Convenience store companies boost employee income, engage in one-upmanship

March 14th, 2013 by Philip Brasor & Masako Tsubuku

No raises here: Recently shuttered convenience store

No raises here: Recently shuttered convenience store

If Prime Minister Shinzo Abe’s plan to boost inflation and the economy along with it is to succeed, companies will have to raise employee salaries and wages, otherwise there will be no increase in consumer spending. Earlier this week, a number of automotive companies and electronics makers said they would go along with this plan and announced bigger bonuses, seemingly as a gesture of support for Abe’s scheme. However, one company got the jump on all of them, the #2 convenience store chain Lawson. The company’s president, Takeshi Ninami, who happens to also serve on the government’s Advisory Panel on Industrial Competitiveness, said earlier this month that employees “in their 20s to their 40s” would be eligible for a pay hike of 3 percent, or one percentage point higher than Abe’s inflation target.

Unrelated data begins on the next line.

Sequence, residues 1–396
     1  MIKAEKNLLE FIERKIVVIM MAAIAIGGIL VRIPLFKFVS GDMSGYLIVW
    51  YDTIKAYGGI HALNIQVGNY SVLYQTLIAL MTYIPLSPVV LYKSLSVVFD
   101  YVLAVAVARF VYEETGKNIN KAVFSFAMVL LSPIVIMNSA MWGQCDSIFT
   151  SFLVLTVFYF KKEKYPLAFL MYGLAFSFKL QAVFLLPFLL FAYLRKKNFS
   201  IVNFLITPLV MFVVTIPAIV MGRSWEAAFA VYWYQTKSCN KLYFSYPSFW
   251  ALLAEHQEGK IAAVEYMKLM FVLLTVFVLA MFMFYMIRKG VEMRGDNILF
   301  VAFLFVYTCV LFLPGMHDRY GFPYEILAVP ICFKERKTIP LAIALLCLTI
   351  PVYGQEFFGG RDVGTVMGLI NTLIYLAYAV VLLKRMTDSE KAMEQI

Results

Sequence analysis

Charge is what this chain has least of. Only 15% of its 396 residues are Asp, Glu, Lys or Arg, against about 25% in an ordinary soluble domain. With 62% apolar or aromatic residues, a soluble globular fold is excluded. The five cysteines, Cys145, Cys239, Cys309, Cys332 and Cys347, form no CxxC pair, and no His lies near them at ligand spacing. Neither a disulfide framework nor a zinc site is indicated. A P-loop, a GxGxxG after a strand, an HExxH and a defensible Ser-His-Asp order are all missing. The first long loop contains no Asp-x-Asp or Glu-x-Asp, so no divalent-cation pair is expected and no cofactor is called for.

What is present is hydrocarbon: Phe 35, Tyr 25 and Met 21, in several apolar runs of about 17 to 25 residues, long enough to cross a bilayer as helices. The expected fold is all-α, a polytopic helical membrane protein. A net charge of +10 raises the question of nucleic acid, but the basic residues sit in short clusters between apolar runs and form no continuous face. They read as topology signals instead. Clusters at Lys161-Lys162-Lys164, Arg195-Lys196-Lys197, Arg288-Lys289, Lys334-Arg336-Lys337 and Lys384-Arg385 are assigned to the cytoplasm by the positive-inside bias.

Ninami told Nihon Keizai Shimbun that Lawson employees in this age group account for 70 percent of the company’s workforce. It should be noted that the vast majority of Lawson employees who interface with the public, meaning clerks at Lawson’s stores, are not eligible, since they are either hired by the franchise owners or, if the store is company-owned, employed as part-time help (arubaito). Ninami admitted this to Nikkei, but said that Lawson would try to “secure higher incomes” for these workers by implementing “activities to increase profits for our franchisees, starting in March.”